Seattle folk-rock band Fleet Foxes kicked off a late-summer tour with a soaring, percussive set at Washington’s 9:30 Club on Wednesday night.
Playing for roughly 75 minutes, the band moved through more than a dozen songs, drawing the night’s material mostly from 2008’s critically acclaimed, self-titled debut LP. Technically flawless, the band’s performance seemed more energetic and more aggressive than their recordings — not just louder, but faster, edgier, more beat-driven.
Part of this was due to the mix, which emphasized the rock aspects of the band’s rock-folk sound. In the club setting, drummer Josh Tillman’s rhythm work stood out in the mix, Casey Wescott’s keyboard could hardly be heard, and frontman Robin Pecknold’s guitar was far more bracing than its silky smooth sound on the record — and, on occasion, veered briefly into unpleasantly harsh territory.
That never lasted long, however, as the band’s majestic, perfectly executed four-part vocals were what really set the tone for the night. On every song, Mr. Pecknold, Mr. Wescott and Mr. Tillman joined bassist Christian Wargo in epic harmonies. The band’s stunning vocal work, shared by every member of the band except guitarist Skyler Skjelset, is a rarity in the world of indie rock, where vocalists often are content to yell, mumble and squeal.
The shaggy rockers of Fleet Foxes, however, can really sing, and don’t seem to mind reminding listeners regularly. Nearly every one of the band’s songs carves out a prominent place for the four singers to show off. Indeed, the band members often use their vocal abilities like extra orchestral instruments, creating harmonic layers with vocal sounds — “oohs” and “ahs” — rather than words.
Those moments made for some of the night’s best. Highlights from the set included the circular chanting of “White Winter Hymnal,” the arching harmonies of “He Doesn’t Know Why” and the whisper-like final melody of “Your Protector.”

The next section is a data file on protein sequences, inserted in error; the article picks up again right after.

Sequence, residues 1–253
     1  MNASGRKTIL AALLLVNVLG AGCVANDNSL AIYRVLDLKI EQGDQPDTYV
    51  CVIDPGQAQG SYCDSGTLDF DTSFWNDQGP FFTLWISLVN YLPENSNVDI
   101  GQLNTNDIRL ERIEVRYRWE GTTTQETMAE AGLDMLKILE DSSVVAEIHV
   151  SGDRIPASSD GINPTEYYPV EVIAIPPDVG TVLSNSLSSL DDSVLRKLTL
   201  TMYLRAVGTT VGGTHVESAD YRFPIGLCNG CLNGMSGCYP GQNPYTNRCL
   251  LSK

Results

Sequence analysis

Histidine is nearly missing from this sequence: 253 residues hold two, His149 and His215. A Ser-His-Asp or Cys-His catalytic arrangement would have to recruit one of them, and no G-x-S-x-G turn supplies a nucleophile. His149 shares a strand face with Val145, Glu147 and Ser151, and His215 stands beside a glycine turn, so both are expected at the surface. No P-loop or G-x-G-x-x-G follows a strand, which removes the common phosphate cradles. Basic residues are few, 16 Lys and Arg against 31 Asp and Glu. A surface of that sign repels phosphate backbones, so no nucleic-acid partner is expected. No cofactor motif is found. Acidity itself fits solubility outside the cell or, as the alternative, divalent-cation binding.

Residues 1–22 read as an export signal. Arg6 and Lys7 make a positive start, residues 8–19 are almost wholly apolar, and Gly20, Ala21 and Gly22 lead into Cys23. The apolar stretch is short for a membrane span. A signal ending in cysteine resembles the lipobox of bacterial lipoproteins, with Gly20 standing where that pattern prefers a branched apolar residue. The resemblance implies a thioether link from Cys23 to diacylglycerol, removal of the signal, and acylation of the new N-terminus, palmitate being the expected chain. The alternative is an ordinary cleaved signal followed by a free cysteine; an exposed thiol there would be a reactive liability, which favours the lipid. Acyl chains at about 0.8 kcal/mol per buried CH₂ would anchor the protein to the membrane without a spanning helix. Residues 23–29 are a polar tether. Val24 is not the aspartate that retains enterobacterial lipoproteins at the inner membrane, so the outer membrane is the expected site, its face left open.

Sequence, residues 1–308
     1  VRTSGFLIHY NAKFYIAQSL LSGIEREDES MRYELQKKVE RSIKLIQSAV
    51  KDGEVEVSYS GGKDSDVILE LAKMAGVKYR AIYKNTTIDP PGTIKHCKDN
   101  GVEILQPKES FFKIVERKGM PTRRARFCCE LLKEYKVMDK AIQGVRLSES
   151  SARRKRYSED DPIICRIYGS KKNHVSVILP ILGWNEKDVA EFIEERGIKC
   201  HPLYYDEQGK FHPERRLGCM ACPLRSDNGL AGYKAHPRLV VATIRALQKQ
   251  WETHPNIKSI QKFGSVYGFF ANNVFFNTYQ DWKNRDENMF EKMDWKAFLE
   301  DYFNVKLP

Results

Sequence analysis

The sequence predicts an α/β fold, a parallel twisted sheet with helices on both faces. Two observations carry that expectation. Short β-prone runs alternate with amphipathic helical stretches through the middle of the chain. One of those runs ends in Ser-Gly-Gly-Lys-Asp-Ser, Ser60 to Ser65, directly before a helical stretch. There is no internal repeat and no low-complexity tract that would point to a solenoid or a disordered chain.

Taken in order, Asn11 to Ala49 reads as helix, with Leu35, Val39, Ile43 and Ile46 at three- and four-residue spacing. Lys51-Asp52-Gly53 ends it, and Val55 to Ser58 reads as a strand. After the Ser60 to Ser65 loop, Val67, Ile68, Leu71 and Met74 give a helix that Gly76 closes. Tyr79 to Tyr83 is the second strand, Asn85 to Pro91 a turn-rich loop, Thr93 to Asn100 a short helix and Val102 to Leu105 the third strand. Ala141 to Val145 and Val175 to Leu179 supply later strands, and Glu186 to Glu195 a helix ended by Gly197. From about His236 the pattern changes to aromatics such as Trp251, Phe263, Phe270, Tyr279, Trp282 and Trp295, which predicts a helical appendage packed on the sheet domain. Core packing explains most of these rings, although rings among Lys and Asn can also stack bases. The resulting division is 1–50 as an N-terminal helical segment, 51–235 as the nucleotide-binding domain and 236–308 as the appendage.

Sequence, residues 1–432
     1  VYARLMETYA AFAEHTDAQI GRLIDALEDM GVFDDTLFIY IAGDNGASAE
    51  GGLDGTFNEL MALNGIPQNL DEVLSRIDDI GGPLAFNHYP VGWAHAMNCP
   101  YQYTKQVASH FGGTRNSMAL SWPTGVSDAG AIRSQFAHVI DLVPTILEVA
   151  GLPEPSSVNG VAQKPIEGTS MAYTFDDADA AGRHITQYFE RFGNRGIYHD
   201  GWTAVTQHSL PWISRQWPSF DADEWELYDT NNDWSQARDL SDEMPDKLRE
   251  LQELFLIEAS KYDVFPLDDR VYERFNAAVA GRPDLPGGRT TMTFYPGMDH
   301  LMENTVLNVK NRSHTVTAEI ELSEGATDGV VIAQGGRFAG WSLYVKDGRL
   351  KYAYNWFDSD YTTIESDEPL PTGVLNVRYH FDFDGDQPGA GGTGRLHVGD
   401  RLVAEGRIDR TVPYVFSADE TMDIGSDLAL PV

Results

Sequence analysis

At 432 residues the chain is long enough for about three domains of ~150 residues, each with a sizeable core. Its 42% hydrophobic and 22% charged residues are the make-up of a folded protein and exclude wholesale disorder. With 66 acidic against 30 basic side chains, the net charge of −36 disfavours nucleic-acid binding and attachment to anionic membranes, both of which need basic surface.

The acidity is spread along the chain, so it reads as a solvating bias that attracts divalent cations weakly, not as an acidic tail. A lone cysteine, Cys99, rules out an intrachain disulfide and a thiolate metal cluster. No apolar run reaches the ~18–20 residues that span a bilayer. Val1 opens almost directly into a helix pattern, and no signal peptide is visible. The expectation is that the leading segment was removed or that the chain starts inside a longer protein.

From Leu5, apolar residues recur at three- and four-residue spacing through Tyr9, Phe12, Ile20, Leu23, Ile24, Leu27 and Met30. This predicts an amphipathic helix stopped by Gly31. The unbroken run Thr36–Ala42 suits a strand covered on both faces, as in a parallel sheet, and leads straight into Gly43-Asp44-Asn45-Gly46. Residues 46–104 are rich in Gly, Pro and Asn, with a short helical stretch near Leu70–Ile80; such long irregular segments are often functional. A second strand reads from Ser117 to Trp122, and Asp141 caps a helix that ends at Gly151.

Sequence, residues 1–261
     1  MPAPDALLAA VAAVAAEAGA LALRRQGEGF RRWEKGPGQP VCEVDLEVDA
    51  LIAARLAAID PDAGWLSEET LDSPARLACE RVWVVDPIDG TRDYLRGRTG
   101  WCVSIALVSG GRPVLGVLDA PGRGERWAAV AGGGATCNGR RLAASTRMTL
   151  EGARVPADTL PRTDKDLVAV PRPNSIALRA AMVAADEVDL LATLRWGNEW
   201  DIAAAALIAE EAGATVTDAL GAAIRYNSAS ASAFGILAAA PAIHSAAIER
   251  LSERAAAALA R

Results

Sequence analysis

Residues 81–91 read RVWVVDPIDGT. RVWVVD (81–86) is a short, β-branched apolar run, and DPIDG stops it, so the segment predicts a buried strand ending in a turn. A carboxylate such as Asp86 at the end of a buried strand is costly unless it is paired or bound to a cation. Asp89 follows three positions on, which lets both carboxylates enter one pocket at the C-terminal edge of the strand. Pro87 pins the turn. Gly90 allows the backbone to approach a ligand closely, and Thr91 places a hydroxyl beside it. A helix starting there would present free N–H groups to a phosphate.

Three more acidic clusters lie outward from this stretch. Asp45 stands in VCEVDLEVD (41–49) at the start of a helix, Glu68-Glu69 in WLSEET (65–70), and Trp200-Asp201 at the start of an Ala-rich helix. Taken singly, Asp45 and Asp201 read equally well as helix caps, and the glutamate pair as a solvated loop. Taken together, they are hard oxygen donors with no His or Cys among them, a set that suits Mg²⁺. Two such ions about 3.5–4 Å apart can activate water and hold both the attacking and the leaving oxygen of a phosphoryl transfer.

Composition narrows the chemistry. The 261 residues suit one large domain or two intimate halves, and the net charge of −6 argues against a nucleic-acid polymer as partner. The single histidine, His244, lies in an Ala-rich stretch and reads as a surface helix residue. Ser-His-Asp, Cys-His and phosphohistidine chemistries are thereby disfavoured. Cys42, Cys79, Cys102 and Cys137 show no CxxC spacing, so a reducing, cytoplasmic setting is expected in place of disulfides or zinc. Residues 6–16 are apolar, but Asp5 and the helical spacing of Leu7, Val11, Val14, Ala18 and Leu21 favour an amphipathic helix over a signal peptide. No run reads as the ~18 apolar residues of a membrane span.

The sold-out, early-bird show was part of a sort of rock ‘n’ roll double-header — the band was scheduled to play again just a few hours later, causing Mr. Pecknold to joke that the early audience was getting the better, or at least fresher, material. “We’ll just repeat the same banter, but half-heartedly” at the second show, he said.
Scheduling multiple sets certainly made for some atypical show times: Doors for the first set opened at 6 p.m. Doors for the second opened at 10:30. Rather than complain, some dedicated fans seemed to see it as an opportunity to catch the band twice. When Mr. Pecknold asked who from the crowd would be attending both shows, a substantial portion of the crowd responded with cheers.
Not everyone in the crowd would be up for the late show, however. While there were plenty of drinking-age fans in attendance, the crowd at the early show skewed young, with groups of skinny teens peering over the venue’s balcony railing as parent-aged chaperones looked on from behind.
Between songs, the band improvised a ditty about a homeless guy eating chili and bantered extensively, and amusingly, about Rockville, where Mr. Tillman grew up.
Opening act Espers put on a competent if largely unmemorable performance. Their layered, ambling, folk songs often were pretty, at times even elegant. But with four of the six members seated onstage, the band generated little energy and often seemed out of place in the stand-up, rock-oriented venue.
At the end of the night, however, that hardly mattered. Fueled by the stirring elegance of their lofty harmonies, Fleet Foxes clearly had more than enough energy to keep the night going. And just a few hours after leaving the stage the first time, that’s exactly what they would do.